In his commencement speech to the class of 2011 at the University of California-Berkeley Journalism School, Robert Krulwich encouraged students not to wait for recognition from the bastions of journalism, the major institutions and corporations. Instead, he said:
I want you to just think about this: Think about NOT waiting your turn.
Instead, think about getting together with friends that you admire, or envy. Think about entrepeneuring. Think about NOT waiting for a company to call you up. Think about not giving your heart to a bunch of adults you don’t know. Think about horizontal loyalty. Think about turning to people you already know, who are your friends, or friends of their friends and making something that makes sense to you together, that is as beautiful or as true as you can make it…
…You will build a body of work, but you will also build a body of affection, with the people you’ve helped who’ve helped you back.
And maybe that’s your way into Troy.
There you are, on the beach, with the other newbies, looking up. Maybe somebody inside will throw you a key and let you in… But more likely, most of you will have to find your own Trojan Horse.
And maybe, for your generation, the Trojan Horse is what you’ve got, your talent, backed by a legion of friends. Not friends in high places. This is the era of Friends in Low Places. The ones you meet now, who will notice you, challenge you, work with you, and watch your back. Maybe they will be your strength.
Last summer, I came back to Pittsburgh from an editorial internship in New York feeling confused, as if the compass holding strong at North had begun to quiver, and spin. For the first year of my MFA I was steady-focused on “making it” – on getting published in important places, on getting noticed by important people, on success as defined by esteem from above. I was aiming straight up, up, up. But when I got close enough to glimpse inside the institutions and the success I idolized I was surprised by their narrowness.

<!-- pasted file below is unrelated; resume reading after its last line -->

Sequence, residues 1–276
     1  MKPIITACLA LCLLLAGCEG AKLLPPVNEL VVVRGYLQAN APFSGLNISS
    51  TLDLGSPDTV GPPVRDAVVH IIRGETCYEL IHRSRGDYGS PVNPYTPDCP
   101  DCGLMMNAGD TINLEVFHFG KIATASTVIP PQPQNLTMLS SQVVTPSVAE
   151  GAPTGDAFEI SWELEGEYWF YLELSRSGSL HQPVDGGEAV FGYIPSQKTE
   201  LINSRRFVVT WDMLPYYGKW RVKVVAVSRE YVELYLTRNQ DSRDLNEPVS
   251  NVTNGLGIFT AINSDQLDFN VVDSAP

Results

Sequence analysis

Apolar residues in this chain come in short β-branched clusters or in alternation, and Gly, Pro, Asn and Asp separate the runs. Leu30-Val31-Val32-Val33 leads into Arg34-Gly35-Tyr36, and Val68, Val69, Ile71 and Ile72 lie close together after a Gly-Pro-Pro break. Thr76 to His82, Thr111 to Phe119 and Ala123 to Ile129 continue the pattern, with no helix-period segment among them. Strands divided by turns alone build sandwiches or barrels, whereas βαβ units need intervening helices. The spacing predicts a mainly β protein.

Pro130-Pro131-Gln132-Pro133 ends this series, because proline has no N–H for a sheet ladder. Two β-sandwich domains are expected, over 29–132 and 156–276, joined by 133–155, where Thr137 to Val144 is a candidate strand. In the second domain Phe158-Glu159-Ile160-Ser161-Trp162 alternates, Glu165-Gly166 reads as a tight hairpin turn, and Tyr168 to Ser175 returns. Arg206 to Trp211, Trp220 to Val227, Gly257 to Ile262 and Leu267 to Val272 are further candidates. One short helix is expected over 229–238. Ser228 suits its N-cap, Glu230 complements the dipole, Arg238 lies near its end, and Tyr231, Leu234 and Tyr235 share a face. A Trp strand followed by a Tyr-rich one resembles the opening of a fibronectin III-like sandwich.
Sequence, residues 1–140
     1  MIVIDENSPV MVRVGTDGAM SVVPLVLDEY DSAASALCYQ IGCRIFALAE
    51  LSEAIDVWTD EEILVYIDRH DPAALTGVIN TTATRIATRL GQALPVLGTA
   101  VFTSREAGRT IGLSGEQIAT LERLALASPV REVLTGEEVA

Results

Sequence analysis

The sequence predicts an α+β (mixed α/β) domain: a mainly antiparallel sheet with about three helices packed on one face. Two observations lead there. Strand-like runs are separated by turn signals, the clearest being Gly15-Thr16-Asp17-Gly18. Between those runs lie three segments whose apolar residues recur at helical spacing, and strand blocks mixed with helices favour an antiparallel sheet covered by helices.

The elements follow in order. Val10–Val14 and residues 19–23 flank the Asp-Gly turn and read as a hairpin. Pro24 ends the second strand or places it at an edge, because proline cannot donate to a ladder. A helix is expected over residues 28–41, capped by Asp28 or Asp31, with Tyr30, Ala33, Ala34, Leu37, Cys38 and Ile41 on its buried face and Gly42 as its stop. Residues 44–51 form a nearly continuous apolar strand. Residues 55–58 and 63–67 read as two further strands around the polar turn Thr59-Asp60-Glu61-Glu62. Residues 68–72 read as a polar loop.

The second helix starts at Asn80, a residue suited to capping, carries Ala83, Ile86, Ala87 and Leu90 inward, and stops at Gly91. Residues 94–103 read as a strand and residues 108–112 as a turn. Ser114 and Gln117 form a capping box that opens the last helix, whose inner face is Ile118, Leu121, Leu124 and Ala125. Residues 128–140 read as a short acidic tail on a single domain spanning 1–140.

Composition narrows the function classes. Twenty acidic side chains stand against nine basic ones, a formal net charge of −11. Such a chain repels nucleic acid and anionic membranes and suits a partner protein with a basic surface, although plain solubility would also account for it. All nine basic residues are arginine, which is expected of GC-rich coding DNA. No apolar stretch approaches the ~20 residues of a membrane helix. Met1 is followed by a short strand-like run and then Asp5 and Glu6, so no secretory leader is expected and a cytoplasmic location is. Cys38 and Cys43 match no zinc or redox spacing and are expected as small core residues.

This is not to say I came to respect them any less, or that my craving for success as a nonfiction writer – success defined by recognition, esteem, and publication in traditionally lauded forms and places – diminished; instead, my definition of what it means to write and be a writer broadened, and my awe of the greats was checked, adjusted. And then the VIDA count came out, and just as it seems that the second I learn about something like, say, guerilla marketing, I begin to see it all over the place – it becomes a motif where previously I hadn’t noticed a thing – the lack of women in publishing began to creep up everywhere. In magazine articles, in anthologies, in graduate courses, in my day-to-day life, in my reading. And this combination – an increased awareness of the lack of women in publishing and of the narrowness of traditional definitions of success, traditional institutions – led to Vela.
I feel a deep ambivalence about what the current explosion of digital forms means for writers, but I am also intensely grateful to be coming of age at a time when writers have other options: we don’t have to take the conventional path, or only the conventional path, and we don’t have to work only with what major institutions offer or accept. We can strike out, and we have.
As Tom Bissell put it recently in an interview with Harper’s, there are two types of writers: those who help other writers, and those who don’t.
Vela has become a space for the former, and looking back on our first year, it is this that stands out the most. I’ve been thrilled with the quality of the writing, but I trusted in Amanda, Molly, Simone, Lauren and Eva from the beginning. What has emerged as a brilliant surprise is how much we’ve come to collaborate. And not only in terms of reading and editing one another’s work, but in terms of supporting one another’s careers, helping one another through periods of doubt or frustration and celebrating each other’s breakthroughs. We’ve become a community, and perhaps this connection, this support and the fruits it bears, will be our way into Troy.
But what I’ve discovered this year is that there is more than Troy: the Peruvian Andes; the Utah desert; Oaxacan revolutions; awakenings in Fort Jackson, South Carolina; wind horses in rural Nepal; weddings in Cambodia; the support and shared purpose of five fellow women writers.